At the end of "The Reichenbach Fall", Sherlock and Moriarty have a confrontation on the roof of the hospital. (I am not sure why Sherlock chose the roof in the first place, but that is neither here nor there.) It becomes clear to Sherlock that

  1. The code Moriarty hinted at when he visited Baker Street was not, in fact, the 'key' to any computer system in the world.
  2. Moriarty had snipers aiming at Watson, Mrs. Hudson, and Inspector Lestrade at that very moment, and they would shoot if Sherlock didn't jump off the building.
  3. There is a code or number somewhere that would call off those snipers without Sherlock jumping.

Once Moriarty realizes that Sherlock is capable of guessing the way to stop the snipers, he shoots himself in order to stop Sherlock winning.

Could Sherlock still have guessed the code and saved the day? Was the code related to the one Moriarty tapped on the chair at Baker Street, or was that really just a red herring?


1 Answer 1


The code was not the mysterious key to any computer system in the world.

Moriarty reveals that he used 'traditional' methods of arranging the 3 break-ins, and it was merely the shock value of timing them to occur at the same time, and the fact that he was willing to be caught in the process makes people think that he has something bigger up his sleeve.

He wants to make the authorities and Sherlock to believe that this was a planned advertisement of Moriarty's computer key to distract them from his real plan of destroying Sherlock's reputation. Moriarty has become obsessed with Sherlock and wants more than anything else to demonstrate to Sherlock his superior abilities by setting a puzzle that he cannot solve.

The code is the first part of the bait that keeps Sherlock in the game, this is slowly replaced by wanting to save his reputation, followed by wanting to save the lives of his friends without losing his own.

Could Sherlock have guessed the way to call off the hitmen? We have seen him break riddles set by Moriarty before, but he has always had more to go on. Here he needs to be 100% sure he can call them off, before he leaves the roof - clearly he decides that he needs some more time to work out what do do next and that faking his death is the easiest way out. Also in the past, Moriarty has set riddles half-hoping that Sherlock would break them. This time Moriarty intends to set Sherlock an impossible scenario in order to dominate him once and for all. Of course it would also break the original Arthur Conan-Doyle story if Holmes and Moriarty do not 'die'.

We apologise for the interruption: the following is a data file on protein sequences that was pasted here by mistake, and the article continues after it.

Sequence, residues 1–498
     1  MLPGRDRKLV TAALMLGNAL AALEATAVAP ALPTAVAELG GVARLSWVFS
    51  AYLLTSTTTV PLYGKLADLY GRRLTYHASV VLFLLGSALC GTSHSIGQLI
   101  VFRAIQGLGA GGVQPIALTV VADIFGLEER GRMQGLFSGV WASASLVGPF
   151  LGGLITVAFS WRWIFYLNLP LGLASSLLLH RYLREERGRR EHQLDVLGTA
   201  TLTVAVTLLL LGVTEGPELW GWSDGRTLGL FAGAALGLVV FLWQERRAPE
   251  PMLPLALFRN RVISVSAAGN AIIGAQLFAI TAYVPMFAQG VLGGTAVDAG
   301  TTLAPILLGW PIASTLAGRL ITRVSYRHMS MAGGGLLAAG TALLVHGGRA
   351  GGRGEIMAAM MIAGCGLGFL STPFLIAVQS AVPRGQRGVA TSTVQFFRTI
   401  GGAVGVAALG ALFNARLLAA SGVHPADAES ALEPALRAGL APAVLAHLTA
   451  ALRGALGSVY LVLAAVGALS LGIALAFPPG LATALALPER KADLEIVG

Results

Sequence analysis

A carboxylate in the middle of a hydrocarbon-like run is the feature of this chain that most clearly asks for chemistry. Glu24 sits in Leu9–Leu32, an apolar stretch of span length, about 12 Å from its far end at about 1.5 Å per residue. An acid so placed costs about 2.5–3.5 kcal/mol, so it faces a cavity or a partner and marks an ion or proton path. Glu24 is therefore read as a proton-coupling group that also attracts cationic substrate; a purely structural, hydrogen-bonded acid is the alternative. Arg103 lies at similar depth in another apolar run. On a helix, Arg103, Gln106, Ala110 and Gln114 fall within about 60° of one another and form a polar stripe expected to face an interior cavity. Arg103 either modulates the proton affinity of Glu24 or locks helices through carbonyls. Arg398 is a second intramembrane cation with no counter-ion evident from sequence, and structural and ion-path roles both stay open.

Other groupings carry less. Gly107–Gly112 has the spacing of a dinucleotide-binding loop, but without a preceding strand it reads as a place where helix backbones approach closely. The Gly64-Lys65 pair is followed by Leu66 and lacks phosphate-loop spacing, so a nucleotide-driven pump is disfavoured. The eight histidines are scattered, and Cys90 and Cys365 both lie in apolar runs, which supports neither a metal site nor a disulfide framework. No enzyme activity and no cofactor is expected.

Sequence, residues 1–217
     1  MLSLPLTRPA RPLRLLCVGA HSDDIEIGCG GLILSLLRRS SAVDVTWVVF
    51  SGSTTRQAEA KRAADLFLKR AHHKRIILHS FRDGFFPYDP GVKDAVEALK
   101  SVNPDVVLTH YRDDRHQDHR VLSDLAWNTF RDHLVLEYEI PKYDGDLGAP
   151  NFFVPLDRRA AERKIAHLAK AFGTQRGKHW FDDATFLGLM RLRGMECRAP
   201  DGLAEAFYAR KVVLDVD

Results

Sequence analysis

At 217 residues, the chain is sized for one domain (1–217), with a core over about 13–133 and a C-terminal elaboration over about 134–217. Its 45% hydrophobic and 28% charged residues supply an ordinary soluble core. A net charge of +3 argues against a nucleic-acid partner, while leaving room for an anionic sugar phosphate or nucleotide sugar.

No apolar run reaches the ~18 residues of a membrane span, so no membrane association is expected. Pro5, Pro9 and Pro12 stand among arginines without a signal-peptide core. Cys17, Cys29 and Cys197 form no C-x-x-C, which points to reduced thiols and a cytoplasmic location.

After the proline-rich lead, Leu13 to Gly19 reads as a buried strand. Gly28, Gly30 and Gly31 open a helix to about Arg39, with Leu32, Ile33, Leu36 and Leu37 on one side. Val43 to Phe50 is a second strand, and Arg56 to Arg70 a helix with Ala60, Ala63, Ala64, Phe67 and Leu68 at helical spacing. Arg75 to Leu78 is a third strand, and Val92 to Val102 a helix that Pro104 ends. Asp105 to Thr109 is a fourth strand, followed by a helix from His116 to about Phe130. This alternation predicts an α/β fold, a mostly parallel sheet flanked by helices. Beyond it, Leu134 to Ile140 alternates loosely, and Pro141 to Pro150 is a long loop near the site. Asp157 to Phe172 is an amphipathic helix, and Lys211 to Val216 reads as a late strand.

The key thing in my mind is not 'how did he fake his death' as he was clearly planning something by talking to Molly before these events - it is more, how did he anticipate Moriarty's death, or how did he intend faking his death with Moriarty there watching.

  • I got the impression that he was surprised by what transpired on the roof. You think he saw it coming? (It would be very Sherlockian to have the whole thing planned out, of course, but this Sherlock is a little... untraditional.)
    – hairboat
    Commented Jan 20, 2012 at 17:52
  • 3
    I think he foresaw his own death here - and that he speaks to Molly before going to meet Moriarty. Molly is a pathologist and could either certify his (fake) death or could provide him with a body to use.
    – iandotkelly
    Commented Jan 20, 2012 at 18:17
  • Ah! I forgot about his "I need you..." to Molly. Right. And, it did seem like he hit the dumpster on the way down. That's my new theory. To be confirmed in 2013 >_<
    – hairboat
    Commented Jan 20, 2012 at 18:33

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